“An author I was tortured by in high school was Edith Wharton,” he recalled pensively. The inevitable high-school staple, Ethan Frome – it’s mercifully short, after all – was “not the right book for high school guys.” What kid wants to read a tragic story of wasted lives? They say love is much better the second time around – so it seems with these reheated feasts. He’s warmed to Henry James, too, despite a premature exposure to “Turn of the Screw.”
I couldn’t agree more with his overall point, but I think the first exposure, however flawed, is important. I’ve just rediscovered Stendhal in a big way after reading it in high school and finding it a little too cold-edged and cynical for my delicate teenage sensibilities. It didn’t help that the class was reading it, for the most part, in French (we all cheated and found translations, of course – I now find it amusing that we thought Mademoiselle Vance didn’t expect us to do this). René Girard definitely approves of this late-life conversion to Stendhal. I’ll have to have another go at Rabelais now, too. These classics, reread at ten-year intervals, resonate within us at different layers of experience, but you do need a prime coat.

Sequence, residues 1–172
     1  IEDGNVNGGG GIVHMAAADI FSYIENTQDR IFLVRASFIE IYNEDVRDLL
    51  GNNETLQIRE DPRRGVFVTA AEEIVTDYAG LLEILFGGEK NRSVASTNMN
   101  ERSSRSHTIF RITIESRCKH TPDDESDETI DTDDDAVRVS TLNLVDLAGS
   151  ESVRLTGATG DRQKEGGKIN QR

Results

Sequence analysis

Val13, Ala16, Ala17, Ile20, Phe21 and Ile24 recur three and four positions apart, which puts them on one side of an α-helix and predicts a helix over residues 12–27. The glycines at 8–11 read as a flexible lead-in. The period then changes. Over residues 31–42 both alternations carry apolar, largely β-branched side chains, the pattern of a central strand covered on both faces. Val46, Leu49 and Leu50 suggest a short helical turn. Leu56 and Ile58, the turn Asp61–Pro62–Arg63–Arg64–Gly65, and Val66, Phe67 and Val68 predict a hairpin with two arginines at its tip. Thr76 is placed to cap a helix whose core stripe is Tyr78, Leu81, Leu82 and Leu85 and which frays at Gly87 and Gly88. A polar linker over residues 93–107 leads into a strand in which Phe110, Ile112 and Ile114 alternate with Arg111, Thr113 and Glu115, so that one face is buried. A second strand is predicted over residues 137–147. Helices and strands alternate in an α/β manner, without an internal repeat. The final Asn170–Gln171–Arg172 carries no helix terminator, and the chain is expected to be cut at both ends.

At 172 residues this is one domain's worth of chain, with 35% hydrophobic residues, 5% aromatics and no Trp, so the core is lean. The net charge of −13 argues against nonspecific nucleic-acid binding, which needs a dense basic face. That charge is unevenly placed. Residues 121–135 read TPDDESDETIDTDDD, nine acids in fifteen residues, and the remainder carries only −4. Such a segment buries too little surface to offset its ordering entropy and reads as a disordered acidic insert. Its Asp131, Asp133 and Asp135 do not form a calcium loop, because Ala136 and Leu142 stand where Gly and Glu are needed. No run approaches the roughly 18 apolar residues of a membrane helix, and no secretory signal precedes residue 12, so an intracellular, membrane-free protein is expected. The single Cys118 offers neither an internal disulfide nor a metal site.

Hennessy’s passion is not restricted to Golden Oldies, or reheated feasts from early class assignments – he included some more recent fare in his endless list. “Sometimes fiction is better at telling a story than non-fiction,” he said, citing this year’s Pulitzer prizewinning book, The Orphan Master’s Son by Adam Johnson (we’ve written about it here and here and here and, oh, lots of other places). He also cited Arundhati Roy‘s The God of Small Things and Aravind Adiga‘s White Tiger, which helped prepare him for trips to India a few years ago. Where does he get the time? Clearly, he doesn’t watch TV – I wrote about that here.